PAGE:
Dragon Ball Z for Kinect Preview
Dragon Ball Z for Kinect Box Art
System: Xbox 360
Dev: NAMCO Bandai
Pub: NAMCO Bandai
Release: October 9, 2012
Players: 1-2
Screen Resolution: 480p-1080p Blood, Cartoon Violence, Mild Language
Another Dragon Ball Z Flail-Fest
by Angelo M. D’Argenio

Remember MoCap Boxing, that motion-controlled boxing game that made a splash in arcades in the early 2000s? It was pretty cool, but was mostly stationary. You threw punches and kicks, and bobbed and weaved to dodge the enemy's attacks, but you had no control over the movement of your character. Essentially, you were just standing in place, flailing like a madman. This is pretty much exactly what Dragon Ball Z for Kinect is all about.

The game lets you choose from one of thirty characters from the Dragon Ball Z universe and control them in first-person perspective against their bitter rivals. For example, one of Goku's opponents is Frieza, who comes with all the silly monologues about what a frustrating monkey he is and how the planet is going to blow up in five minutes.

Dragon Ball Z for Kinect Screenshot

During normal gameplay, your job is to flail your arms and legs to reduce your opponent's life gauge. Much like MoCap Boxing, there appear to be certain points when your opponent is actually vulnerable, but the rest of the time they'll just dodge and counter all of your moves. So most of the game is actually just a slow grind, getting in damage when you can and avoiding damage when it comes your way.

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As far as special moves go, you don't appear to have access to them at all times. Instead, when the battle progresses far enough, you'll get an onscreen prompt to do a special move motion. To the game's credit, these motions do actually appear to mimic the true motions of DBZ characters. The Kamehameha, for example, asks you to crouch down with your hands behind you before thrusting them forward to fire the beam. This is probably the coolest part of the game, sure to make fanboys squeal with delight. However, the limited usefulness of special moves turns them into gigantic quick time events. Sure, they may have novelty value the first few times you throw a gigantic beam, but I'm guessing this will get tedious by the fifteenth time.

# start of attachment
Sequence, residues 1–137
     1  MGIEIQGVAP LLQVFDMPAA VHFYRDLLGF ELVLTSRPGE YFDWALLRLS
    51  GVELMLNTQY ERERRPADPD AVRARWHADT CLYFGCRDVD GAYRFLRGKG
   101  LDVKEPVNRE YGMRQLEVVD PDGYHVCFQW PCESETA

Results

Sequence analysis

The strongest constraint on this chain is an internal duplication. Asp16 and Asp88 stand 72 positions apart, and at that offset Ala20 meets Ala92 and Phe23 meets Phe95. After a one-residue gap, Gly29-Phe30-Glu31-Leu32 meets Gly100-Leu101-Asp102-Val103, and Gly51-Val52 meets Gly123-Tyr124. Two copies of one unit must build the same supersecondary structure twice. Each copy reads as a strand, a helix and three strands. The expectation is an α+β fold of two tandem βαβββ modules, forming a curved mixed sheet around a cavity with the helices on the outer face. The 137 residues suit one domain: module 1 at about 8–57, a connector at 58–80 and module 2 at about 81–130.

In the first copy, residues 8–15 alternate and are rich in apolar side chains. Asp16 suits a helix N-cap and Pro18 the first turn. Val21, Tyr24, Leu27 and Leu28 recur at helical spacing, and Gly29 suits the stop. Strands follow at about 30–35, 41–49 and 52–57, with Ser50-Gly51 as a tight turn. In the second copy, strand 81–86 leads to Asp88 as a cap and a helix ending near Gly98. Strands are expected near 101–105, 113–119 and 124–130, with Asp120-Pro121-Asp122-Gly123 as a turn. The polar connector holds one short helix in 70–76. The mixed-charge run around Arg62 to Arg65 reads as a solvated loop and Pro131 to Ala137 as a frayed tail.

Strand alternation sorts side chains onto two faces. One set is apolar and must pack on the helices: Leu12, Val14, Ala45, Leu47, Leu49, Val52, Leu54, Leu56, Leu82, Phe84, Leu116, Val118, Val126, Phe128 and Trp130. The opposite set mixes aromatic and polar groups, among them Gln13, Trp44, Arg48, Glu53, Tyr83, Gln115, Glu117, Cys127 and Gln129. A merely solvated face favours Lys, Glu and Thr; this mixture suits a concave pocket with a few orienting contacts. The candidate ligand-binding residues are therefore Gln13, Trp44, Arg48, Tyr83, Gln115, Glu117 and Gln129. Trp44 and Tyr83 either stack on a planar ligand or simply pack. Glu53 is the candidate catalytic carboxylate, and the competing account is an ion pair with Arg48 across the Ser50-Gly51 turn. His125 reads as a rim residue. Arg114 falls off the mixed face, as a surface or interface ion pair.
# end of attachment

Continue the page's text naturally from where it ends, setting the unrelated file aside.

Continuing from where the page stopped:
Dragon Ball Z for Kinect Screenshot

Speaking of quick time events, they are all over the place in this game. When your opponent uses a special move, you have to bend and duck at the right times to avoid it. The same thing goes for your opponent's normal attacks, but these are more evenly dispersed throughout gameplay and feel less like "follow the onscreen prompt to not die." Sometimes your attacks will clash, which prompts you to, once again, flail your arms in order to increase the power of your attack. I would think that this breaks the immersion of the game, considering Goku never pumped his arms like a wild man to increase the power of the Kamehameha.

Dragon Ball Z for Kinect Screenshot

In fact, it appears as if NAMCO Bandai has missed one important aspect of DBZ fandom: screaming like a nutcase. There is absolutely no voice control in this game, which is a shame considering the Kinect is fully capable of it. It would have been awesome if you could use your super moves at all times just by shouting a voice prompt. When beams clash, it would have been great if you could increase the strength by yelling rather than pumping your fists. Then again, this would probably keep your neighbors up at night.

Screenshots / Images
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